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AWARD WINNER 2017-18: Dorothy is the Learning, Skills & Regimes Manager at Campsfield House Immigration Removal Centre. She is granted an Award for transforming the educational opportunities offered to detainees in an especially challenging environment, across multiple languages, cultures, and nationalities. [Dorothy also receives the Keith Bromley Award for Education & Skills Training, supported by The Bromley Trust.]
Dot Coomber is the Learning Skills & Regimes Manager at Campsfield House Immigration Removal Centre (IRC) in Oxfordshire. She took on a knotty, largely overlooked problem – how to provide useful and accredited education over very short periods for a wide range of languages, cultures, and nationalities – and utterly transformed what can be achieved.
Dot quickly recognised that, with the average stay at Campsfield rarely exceeding 40 days, finding accredited education options – especially for such a diverse community, many of whom do not have English language skills – would be difficult. Undeterred, she identified and worked closely with a suitable provider, OCN Credit4Learning, a charity established in the 1980s, to develop a solution. The results are little short of inspiring, with around 500 certificates since awarded.
The Independent Monitoring Board annual report for 2016 was impressed, too, and noted that certified short courses are now offered in English, barbering, cleaning, food hygiene, IT and photography, with additional courses in the pipeline.
As Campsfield’s Head of Contract Management, Julian Jones, notes, Dot’s complete re-evaluation of the educational provision for detainees at Campsfield House had a significant impact, adding, “I feel that she took the very basic requirements of our contract and completely turned the overall provision of education on its head.” He goes on, “Dot has a very positive and ‘can do’ attitude. Her approach is always to find a way to do something or try something new.” Dot gets “involved in things she believes passionately about, and her work with OCN Credit4learning has resulted in her being invited onto the board. Despite the additional workload this is a task she approached with her usual gusto.” Campsfield’s art teacher, Sally Ashton-Bridges, adds a note on Dot’s personal supportiveness, saying, “staff feel able to voice any concern – we are lucky to have her”.
The testimonial of one detainee speaks for many:
“She is tremendously patient and always goes above and beyond to meet the needs of every person in Campsfield…we all recognise all that Dorothy does.”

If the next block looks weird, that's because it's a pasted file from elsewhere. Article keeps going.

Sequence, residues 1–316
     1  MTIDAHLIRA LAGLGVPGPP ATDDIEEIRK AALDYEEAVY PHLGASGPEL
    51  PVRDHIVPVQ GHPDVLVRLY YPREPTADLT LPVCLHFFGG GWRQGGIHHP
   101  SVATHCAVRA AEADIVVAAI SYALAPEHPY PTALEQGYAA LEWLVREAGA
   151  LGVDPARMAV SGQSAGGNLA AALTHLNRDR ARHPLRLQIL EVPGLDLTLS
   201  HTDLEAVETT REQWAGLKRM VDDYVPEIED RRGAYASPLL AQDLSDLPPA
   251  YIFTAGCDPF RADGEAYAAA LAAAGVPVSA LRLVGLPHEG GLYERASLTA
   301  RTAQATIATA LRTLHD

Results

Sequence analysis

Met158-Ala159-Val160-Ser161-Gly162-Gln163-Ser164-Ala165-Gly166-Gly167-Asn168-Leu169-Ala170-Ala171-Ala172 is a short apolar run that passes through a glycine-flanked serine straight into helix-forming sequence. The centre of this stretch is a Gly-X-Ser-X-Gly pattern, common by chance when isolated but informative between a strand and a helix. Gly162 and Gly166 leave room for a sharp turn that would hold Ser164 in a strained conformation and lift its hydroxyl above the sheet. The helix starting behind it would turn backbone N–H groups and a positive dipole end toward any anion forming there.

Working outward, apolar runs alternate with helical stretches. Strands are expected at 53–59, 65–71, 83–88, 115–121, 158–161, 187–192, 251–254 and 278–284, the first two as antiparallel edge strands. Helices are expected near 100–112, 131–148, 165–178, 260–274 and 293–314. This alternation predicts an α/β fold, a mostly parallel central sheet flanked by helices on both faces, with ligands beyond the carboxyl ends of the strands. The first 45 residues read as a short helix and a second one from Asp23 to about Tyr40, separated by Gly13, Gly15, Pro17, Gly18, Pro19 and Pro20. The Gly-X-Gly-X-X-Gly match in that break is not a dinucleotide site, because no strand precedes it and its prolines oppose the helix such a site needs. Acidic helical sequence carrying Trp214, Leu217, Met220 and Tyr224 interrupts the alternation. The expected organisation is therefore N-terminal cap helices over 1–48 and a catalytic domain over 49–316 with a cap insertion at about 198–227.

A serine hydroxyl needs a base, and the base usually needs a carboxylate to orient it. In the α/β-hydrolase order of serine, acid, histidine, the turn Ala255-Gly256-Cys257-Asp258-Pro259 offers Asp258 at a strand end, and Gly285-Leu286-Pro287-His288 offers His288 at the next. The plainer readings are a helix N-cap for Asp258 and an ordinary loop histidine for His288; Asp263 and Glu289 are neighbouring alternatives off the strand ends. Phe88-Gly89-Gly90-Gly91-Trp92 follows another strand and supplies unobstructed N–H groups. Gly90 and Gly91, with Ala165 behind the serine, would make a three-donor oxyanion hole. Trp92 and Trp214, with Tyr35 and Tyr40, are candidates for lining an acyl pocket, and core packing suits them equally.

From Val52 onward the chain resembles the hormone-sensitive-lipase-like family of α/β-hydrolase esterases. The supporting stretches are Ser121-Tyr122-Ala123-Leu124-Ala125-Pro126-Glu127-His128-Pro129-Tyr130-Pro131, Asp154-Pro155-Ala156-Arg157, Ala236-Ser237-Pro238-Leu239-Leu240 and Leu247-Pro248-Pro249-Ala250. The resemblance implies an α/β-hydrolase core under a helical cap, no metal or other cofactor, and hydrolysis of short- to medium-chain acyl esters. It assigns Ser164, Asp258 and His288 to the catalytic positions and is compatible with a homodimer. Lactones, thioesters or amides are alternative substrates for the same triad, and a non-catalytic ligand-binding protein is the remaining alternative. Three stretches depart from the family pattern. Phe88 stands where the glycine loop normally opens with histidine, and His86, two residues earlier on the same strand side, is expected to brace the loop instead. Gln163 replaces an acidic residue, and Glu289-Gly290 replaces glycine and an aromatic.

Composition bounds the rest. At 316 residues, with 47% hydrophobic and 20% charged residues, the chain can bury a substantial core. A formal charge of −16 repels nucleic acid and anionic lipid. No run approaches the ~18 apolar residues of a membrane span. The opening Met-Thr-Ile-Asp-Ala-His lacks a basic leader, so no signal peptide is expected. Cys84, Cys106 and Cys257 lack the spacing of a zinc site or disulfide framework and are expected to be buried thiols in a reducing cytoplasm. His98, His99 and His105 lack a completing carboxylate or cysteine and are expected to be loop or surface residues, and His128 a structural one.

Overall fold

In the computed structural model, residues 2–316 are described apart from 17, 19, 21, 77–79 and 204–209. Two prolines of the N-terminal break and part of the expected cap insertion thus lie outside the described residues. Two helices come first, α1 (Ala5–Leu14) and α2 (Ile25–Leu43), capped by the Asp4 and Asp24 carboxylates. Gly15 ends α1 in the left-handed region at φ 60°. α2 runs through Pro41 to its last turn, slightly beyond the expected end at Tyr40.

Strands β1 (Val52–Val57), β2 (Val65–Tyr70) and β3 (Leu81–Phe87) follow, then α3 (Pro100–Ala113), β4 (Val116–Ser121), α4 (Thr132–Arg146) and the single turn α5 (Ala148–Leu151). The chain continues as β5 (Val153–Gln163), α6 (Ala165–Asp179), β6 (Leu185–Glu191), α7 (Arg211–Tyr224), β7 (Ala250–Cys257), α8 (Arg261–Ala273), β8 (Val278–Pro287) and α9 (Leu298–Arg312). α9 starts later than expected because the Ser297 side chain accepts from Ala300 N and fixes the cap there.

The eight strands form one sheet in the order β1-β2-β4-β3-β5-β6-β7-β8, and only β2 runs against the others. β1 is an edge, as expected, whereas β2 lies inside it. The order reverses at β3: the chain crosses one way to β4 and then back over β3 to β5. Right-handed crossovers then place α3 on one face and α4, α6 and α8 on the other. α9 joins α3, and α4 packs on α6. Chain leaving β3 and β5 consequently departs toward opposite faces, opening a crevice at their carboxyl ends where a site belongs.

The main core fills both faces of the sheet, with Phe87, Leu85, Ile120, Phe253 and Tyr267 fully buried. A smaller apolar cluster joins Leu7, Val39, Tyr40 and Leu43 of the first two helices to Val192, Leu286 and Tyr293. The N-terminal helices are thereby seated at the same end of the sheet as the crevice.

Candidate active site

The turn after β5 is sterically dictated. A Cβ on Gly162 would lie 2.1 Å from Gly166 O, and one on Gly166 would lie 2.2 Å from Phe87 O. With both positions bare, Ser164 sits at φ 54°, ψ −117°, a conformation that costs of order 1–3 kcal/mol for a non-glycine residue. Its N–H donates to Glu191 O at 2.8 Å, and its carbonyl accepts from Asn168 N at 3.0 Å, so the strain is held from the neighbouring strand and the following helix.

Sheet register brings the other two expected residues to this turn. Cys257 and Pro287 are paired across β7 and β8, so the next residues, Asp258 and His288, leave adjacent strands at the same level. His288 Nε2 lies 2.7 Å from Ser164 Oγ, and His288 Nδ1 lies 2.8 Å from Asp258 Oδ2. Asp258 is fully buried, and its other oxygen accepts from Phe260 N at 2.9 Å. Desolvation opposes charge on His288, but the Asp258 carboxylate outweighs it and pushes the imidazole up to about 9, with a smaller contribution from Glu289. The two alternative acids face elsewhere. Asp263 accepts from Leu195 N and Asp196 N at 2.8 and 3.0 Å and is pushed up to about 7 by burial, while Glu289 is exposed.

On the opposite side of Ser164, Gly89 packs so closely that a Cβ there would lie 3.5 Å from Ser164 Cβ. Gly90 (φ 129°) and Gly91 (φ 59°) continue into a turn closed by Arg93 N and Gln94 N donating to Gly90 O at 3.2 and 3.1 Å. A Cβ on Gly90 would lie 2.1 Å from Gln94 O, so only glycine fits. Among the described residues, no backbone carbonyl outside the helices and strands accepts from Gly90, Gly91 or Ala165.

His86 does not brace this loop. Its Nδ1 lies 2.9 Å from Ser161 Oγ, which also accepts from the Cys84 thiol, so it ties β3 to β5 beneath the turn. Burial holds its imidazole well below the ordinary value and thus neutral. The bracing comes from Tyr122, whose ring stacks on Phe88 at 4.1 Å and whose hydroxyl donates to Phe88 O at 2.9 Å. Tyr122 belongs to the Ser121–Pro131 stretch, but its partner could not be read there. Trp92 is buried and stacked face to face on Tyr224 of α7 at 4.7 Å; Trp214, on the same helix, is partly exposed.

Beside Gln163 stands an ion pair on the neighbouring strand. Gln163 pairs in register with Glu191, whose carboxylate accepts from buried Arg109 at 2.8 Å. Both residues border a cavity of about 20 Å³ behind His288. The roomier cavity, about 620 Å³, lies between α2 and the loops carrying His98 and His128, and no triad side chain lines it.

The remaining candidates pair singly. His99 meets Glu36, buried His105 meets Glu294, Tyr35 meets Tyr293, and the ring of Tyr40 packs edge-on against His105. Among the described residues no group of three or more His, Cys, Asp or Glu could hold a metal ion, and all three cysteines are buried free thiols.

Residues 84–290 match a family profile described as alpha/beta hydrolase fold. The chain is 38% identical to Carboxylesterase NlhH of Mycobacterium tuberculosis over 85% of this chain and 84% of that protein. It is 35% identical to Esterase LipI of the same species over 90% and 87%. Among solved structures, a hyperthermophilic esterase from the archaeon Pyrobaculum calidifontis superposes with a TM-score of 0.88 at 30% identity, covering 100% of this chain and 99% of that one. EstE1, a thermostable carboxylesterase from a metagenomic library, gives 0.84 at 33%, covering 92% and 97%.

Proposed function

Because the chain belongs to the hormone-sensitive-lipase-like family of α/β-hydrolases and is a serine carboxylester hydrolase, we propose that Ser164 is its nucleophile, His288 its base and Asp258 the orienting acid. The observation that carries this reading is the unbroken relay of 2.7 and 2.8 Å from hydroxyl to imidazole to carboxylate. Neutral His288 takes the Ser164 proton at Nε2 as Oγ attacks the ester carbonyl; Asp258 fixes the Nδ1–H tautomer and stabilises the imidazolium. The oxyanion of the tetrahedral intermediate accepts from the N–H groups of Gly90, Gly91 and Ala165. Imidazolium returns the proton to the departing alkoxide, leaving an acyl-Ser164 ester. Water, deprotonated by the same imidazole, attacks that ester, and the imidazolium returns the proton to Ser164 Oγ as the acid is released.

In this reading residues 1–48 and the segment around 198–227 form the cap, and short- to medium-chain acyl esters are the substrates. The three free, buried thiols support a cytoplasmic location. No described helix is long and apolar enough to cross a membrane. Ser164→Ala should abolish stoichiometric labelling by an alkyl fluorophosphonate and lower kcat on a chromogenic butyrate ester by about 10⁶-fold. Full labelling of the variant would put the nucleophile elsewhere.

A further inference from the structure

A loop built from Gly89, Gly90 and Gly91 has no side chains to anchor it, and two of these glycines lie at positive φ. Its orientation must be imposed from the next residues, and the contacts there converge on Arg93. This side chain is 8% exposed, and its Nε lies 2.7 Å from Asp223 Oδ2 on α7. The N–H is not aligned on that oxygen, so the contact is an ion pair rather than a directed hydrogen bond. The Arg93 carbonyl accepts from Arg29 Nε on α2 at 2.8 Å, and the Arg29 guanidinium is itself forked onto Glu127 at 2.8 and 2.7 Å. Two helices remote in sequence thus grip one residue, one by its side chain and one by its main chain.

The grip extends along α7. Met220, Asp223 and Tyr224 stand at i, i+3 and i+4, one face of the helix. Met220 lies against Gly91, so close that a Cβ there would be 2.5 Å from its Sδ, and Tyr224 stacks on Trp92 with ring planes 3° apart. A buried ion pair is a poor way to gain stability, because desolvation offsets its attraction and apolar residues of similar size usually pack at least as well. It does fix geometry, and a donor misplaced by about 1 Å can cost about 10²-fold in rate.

Line manager Andy Carmichael says, “Dot is passionate” and “committed to improving the mental and emotional wellbeing of trainees” by providing them with enjoyable and meaningful activities. To this end, she redeveloped the old library into an IT suite with over thirty new computers. Online learning, one-to-one sessions, and multilingual orderlies helping English courses have all made a vital difference. Meanwhile she removed English books of limited interest and replaced them with over 30 e-readers. Over 800 books in different languages have since been downloaded. Dot has also been active in encouraging a flow of visits, including by Oxford Museums outreach and Oxford Concert Party Waving Hello, a project ‘challenging preconceived notions about refugees’.
Centre Manager John McClure explains how “Dot consults with detainees on what would assist when they return to their country of origin and develops a solution based around need.” He adds, “as far as I am aware Campsfield House is the only IRC in the UK providing this level of accredited qualifications to detainees and it is a model that should be adopted across the estate to assist in the goal of IRCs – successful removal and repatriation.”
Another benefit for the detainees “is that they are able to positively channel some of their psychological distress and issues relating to their detention through these creative mediums, thus the courses have an additional benefit to health and wellbeing.” Dot sees detainees’ biggest problems as “loss of dignity, hopelessness, boredom, and anxiety about their future.”
There are other advantages to her approach, too, including higher levels of satisfaction and pride among education staff as they watch detainees’ achievements. One striking impact of Dot’s pioneering approach is that:
“Detainees being deported feel that they do not have to be ashamed at going back to their families as they have gained qualifications and skills while being away.”
She cites two encouraging examples. One detainee wanted to return to India and enroll on a drama course – his goal was to become a Bollywood star. With help, he applied to attend an Indian University and was accepted. “He contacted me a few months after returning to let me know that he was happy and enjoying the course.”
Another deportee to India “wanted to open a mobile phone shop. He studied all the ICT courses and I put him on an on-line course for repairing mobile phones. He contacted me to let me know that he had successfully opened his shop.”
Dot’s ambition, understandably, is to develop and share this best practice with other Immigration Removal Centres, and we wish her every success.
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